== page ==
Speaking Out with Art
As last summer’s wave of police violence escalated against people of color, the call for action intensified across the nation with Black Lives Matter. The names Elijah McClain, Breonna Taylor and George Floyd haunted me and so I turned to my art to decry this racial injustice. The process of sculpting with clay was cathartic – it was my outlet for expressing outrage.
As an arm and clenched fist took shape, ways of sharing this art swirled in my head. After waiting two months for the sculpture to dry, my dreams of sharing this piece were shattered when it exploded in the kiln. There were just two parts left intact, a section of forearm and a fist -- everything in between was in unrecognizable fragments. Rebuilding the sculpture looked hopeless, but a painstakingly long process ensued sorting, fitting and gluing.
Stoking the Fire
My original plan was to smokefire the piece, which would give it a brown and black skin, but there was a chance the flame from the fire would melt the glue. If it fell apart this time it would be irreparable, but only a smokefire could achieve the desired effect. Keeping the flames small and temperature low helped reduce the risk. Stoking the fire till it burned down gave me hope.
After the piece was cooled and removed from the metal bin, it was a great relief to see the glue held and the sculpture’s porcelain white “skin” had darkened just as I had envisioned. Photographing the smokefired sculpture using natural light and shadow allowed me to emphasize the atmosphere and texture of the work. It was an effective process that reimagined the art in a new dimension.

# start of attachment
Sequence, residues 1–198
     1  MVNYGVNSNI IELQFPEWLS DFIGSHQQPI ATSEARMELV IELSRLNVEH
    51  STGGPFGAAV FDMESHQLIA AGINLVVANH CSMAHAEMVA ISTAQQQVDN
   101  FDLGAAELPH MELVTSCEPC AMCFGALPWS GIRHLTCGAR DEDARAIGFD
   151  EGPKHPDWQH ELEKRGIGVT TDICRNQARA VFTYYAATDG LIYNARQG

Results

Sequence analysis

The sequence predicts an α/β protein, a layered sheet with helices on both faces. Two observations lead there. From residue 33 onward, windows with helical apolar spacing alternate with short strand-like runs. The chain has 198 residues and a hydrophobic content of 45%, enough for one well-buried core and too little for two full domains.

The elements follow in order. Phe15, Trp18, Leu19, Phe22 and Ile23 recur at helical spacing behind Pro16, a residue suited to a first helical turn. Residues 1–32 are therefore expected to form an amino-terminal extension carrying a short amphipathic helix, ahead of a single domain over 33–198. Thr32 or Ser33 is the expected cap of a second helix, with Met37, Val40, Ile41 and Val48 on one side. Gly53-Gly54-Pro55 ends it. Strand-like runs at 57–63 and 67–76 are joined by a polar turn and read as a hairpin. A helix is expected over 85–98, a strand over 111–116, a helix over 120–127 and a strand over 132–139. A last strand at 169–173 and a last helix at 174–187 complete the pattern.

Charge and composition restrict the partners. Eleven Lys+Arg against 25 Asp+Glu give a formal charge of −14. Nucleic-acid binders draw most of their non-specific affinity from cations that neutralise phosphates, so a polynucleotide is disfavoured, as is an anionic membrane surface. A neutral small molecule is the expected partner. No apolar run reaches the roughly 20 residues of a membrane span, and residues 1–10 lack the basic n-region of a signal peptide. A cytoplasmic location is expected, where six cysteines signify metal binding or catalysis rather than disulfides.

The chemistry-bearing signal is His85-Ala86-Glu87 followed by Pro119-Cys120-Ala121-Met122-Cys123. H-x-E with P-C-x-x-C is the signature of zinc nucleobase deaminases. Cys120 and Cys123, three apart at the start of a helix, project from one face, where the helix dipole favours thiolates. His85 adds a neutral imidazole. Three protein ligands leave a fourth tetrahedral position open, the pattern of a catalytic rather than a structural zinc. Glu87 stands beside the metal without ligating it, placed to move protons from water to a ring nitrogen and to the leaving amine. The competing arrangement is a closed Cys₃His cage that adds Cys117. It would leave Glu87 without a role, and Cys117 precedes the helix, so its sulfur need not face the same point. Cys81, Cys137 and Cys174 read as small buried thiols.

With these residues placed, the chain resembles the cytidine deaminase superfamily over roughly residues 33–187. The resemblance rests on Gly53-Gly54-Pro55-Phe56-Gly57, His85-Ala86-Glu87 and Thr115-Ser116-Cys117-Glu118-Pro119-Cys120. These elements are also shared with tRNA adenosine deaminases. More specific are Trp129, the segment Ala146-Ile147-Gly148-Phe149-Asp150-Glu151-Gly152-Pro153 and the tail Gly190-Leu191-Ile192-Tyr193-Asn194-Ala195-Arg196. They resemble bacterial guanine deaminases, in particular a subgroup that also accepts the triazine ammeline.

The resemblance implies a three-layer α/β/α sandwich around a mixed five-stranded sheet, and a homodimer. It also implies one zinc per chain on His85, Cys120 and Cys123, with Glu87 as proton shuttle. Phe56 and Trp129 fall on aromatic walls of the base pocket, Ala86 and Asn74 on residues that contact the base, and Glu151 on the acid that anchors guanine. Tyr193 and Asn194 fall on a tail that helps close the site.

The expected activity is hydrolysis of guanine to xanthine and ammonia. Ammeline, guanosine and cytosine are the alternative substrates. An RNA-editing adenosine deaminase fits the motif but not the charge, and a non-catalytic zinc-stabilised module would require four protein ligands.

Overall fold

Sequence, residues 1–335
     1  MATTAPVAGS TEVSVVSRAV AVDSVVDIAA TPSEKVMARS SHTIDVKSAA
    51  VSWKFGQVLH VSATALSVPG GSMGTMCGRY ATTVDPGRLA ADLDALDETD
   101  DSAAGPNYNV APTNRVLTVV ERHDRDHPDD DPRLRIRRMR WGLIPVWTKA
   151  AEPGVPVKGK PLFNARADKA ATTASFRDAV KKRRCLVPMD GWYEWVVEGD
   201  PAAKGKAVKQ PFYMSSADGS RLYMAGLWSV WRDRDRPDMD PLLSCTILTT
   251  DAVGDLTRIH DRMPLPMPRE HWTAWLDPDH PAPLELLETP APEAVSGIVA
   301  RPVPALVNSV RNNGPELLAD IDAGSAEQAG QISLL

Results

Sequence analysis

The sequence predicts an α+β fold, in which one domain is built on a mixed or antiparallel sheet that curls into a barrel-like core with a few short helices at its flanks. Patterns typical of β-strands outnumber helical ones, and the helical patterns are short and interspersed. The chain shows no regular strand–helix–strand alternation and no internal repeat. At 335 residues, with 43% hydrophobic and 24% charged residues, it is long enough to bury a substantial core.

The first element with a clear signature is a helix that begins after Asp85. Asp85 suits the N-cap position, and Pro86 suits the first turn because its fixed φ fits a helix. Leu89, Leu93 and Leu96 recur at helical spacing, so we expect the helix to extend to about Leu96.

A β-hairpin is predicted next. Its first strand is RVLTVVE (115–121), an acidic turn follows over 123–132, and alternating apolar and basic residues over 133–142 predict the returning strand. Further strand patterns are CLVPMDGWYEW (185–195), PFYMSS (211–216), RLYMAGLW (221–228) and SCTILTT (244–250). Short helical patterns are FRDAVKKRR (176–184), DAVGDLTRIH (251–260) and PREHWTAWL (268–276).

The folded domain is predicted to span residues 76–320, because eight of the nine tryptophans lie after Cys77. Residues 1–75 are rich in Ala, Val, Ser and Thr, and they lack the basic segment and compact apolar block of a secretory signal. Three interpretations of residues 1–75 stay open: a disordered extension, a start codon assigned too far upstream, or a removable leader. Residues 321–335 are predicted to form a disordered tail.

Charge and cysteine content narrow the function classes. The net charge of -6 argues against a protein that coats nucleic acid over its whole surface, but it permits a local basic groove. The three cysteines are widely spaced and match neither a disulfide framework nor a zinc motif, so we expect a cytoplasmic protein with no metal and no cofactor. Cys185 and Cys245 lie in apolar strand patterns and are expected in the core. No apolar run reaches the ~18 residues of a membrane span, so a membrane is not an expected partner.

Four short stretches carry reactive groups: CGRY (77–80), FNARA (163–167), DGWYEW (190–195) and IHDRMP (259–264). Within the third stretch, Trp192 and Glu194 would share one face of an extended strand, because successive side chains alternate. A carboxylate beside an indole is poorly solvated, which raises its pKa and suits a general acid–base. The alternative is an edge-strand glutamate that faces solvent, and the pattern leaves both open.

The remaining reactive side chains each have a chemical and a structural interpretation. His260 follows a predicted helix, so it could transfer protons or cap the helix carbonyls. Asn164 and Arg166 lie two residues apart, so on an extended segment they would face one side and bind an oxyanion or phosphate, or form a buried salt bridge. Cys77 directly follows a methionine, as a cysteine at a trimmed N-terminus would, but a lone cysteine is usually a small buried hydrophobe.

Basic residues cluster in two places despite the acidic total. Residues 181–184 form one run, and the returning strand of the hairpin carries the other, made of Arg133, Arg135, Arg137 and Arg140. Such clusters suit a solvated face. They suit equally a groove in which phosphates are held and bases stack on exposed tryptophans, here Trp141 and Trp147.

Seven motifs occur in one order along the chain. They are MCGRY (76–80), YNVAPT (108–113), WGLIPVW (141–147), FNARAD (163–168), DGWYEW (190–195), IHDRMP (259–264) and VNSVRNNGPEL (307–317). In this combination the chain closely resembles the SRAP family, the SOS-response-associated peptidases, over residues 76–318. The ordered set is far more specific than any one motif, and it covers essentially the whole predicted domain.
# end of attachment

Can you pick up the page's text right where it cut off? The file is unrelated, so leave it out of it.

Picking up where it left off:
Rising from the Ashes
The images of the resurrected piece with its scars and cracks, created a more powerful message than it ever did whole. It was ironic that what destroyed the piece is also what made it stronger, reminding me of the fiery reckoning being experienced by our justice system.
My dream of speaking out through my art came to fruition in the names of two virtual exhibits: Art Saint Louis’ exhibit Hope and Art Against Racism’s exhibit Memorial.Monument.Movement. You can view the art at the two links below.
"Clenched Courage" in Hope (Art Saint Louis Virtual Exhibit)
(Click on image to view post.)
"Rising from the Ashes" in Memorial.Monument.Movement (Art Against Racism)